I couldn’t resist one more St. Patrick’s day book review even though it will be too late for anyone to check it out in time for the big day itself. This one is more touching than most I have read so the happy good morale should make it worth the read for most parents.
This story begins long ago in a small village where we find a smiling old man name Pat. He was a harpist, and a good one at that! Pat is humble and kind and willing to play his music for all kinds of events whether the people can pay him or not. Well, young Tom, who was trained in the art by old Pat thinks the man is crazy for not making more money from his skills. Old Pat says “I am rich in friends, and that is enough.” well, one day the king holds a harping contest (you know, because they had a lot of those back in olden days of course) and our two friends decide to give it a go. Mean young Tom decides that old Pat just might beat him and breaks a string on his harp when he isn’t looking. Poor poor old Pat has no extras, he can’t afford them! He knows he won’t be able to win the contest now, but is going to give it a try anyway.
By this time, the wood is dark and as everyone knows, there are Leprechauns lurking there ready to play tricks on people for mean sport. Suddenly our musicians hear a cry for help. Unable to ignore the plea, old Pat goes to help the poor soul while Tom high-tails it out of there to safety. Good thing for Pat, Leprechauns are nice if you help them out of a jam. Especially when you are as humble and kind as Pat was. Just wait and see how that little Leprechaun decides to return the favor to our generous friend!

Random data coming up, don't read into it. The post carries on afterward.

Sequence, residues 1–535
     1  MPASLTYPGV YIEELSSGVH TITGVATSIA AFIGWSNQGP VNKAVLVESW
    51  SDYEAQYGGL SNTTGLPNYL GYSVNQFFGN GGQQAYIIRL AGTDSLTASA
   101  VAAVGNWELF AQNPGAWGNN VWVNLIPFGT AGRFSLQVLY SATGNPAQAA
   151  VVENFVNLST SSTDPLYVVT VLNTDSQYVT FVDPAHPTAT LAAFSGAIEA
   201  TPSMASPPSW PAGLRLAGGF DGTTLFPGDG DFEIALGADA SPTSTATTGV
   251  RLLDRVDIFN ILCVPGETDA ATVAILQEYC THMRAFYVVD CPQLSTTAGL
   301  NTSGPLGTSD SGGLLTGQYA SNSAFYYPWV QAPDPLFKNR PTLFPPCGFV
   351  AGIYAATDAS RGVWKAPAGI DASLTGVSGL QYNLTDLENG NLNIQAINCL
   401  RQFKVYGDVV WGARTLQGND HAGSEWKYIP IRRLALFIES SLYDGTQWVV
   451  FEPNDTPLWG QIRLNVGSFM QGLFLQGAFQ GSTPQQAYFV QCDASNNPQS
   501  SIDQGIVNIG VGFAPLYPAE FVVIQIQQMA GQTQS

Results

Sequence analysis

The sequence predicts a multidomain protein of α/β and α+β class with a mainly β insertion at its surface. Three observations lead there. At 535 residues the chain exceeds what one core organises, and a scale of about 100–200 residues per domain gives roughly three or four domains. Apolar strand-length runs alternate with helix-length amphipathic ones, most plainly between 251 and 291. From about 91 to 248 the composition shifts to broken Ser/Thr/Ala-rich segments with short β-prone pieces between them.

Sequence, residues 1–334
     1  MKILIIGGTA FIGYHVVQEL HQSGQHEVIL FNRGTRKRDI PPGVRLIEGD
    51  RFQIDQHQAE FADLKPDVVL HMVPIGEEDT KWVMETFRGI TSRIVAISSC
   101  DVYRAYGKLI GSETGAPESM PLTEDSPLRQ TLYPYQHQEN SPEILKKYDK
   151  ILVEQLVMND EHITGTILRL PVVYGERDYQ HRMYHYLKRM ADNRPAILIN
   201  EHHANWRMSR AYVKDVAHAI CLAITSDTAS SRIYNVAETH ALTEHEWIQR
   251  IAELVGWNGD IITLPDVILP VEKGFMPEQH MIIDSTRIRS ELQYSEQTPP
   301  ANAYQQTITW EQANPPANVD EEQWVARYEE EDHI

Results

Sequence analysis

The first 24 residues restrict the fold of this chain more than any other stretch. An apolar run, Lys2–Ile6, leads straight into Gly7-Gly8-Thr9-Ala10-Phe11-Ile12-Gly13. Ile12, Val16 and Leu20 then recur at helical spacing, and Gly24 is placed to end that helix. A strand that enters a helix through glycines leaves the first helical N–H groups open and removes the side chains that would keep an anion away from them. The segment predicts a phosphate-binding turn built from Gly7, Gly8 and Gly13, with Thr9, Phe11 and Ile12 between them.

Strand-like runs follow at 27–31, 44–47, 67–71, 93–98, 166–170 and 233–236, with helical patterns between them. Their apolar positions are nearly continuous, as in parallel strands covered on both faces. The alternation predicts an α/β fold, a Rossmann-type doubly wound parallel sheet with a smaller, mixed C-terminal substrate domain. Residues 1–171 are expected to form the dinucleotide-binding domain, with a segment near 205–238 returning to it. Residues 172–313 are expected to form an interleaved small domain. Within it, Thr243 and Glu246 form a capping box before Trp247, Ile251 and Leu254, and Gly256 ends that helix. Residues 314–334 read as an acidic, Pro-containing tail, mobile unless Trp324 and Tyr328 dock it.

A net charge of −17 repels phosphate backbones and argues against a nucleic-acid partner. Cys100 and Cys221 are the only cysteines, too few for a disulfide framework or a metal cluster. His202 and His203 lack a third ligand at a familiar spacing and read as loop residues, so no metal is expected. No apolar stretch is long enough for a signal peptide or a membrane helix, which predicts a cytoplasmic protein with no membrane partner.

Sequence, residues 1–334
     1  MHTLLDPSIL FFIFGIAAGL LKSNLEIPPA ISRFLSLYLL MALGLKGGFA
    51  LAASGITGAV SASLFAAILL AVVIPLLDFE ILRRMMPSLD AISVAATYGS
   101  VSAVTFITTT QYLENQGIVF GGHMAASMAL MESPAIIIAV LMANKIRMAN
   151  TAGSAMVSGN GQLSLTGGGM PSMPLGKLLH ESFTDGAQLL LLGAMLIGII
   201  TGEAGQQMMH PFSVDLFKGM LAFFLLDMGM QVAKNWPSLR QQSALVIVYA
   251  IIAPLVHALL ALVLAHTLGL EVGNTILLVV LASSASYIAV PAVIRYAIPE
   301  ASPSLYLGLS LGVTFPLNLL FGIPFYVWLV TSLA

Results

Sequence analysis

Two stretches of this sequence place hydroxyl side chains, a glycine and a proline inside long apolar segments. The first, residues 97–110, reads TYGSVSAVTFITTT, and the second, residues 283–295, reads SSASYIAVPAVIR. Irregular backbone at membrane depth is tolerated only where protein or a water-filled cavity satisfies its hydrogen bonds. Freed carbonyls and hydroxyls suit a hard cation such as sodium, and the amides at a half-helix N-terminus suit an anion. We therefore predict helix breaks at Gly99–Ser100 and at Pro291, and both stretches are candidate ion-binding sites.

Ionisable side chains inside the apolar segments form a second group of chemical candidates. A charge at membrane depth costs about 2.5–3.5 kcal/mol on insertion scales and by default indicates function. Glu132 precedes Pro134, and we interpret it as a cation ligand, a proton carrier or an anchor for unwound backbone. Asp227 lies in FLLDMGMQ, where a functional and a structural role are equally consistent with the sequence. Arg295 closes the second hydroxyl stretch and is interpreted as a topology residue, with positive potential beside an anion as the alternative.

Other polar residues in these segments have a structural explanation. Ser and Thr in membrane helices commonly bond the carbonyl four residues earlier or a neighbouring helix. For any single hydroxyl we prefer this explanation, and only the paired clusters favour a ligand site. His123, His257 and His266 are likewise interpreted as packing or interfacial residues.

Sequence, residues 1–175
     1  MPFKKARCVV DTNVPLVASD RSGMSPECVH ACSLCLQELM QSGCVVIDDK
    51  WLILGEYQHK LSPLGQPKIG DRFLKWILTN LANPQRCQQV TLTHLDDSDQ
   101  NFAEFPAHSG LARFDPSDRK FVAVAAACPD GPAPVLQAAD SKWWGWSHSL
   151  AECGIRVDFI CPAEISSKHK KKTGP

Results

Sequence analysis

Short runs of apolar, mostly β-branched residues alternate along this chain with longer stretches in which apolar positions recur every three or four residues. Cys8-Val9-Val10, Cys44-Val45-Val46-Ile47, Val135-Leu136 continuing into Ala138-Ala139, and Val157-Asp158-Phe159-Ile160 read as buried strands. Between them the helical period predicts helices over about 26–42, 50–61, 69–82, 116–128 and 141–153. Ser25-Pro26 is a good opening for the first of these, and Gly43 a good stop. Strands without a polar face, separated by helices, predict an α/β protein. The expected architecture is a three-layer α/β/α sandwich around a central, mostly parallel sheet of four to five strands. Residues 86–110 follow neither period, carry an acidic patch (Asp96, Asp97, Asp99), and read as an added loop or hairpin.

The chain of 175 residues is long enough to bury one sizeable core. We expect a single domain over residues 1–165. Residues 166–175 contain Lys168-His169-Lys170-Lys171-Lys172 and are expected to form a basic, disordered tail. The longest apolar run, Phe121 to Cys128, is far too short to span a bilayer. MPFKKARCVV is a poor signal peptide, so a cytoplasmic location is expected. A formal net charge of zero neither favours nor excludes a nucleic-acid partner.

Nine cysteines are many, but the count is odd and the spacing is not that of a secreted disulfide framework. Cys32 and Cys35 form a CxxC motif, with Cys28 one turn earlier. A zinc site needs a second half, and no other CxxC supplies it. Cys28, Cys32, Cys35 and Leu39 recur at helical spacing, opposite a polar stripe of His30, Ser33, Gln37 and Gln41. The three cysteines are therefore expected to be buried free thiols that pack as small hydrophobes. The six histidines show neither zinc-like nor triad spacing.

The pictures are thoughtfully done and most pages have an intricate border around them. There are 16 four leaf clovers hidden in this book for kids to find. You won’t find any beautiful maidens or even cute furry animals in this one- so I think my daughters weren’t as excited about it as they might have been… but, as the mother, I get to pick the books we read sometimes and the story is so great, that I would force-feed it to my daughters if I had to. (I mean, I don’t mind drawings of kind old men, but it’s not a super draw for my girls just yet… sigh!) This is one of those stories that you hope is true; that good wins and kindness matters. So, while I haven’t had to make my girls finish this story with me, they also haven’t asked me to read it on their own. Which kind of makes me sad, but I will keep trying. Repeat after me… Kindness matters more than princesses!
- Author: Pamela Duncan Edwards
- Illustrator:Henry Cole
- Publisher: Scholastic Inc.
- Copyright: 2005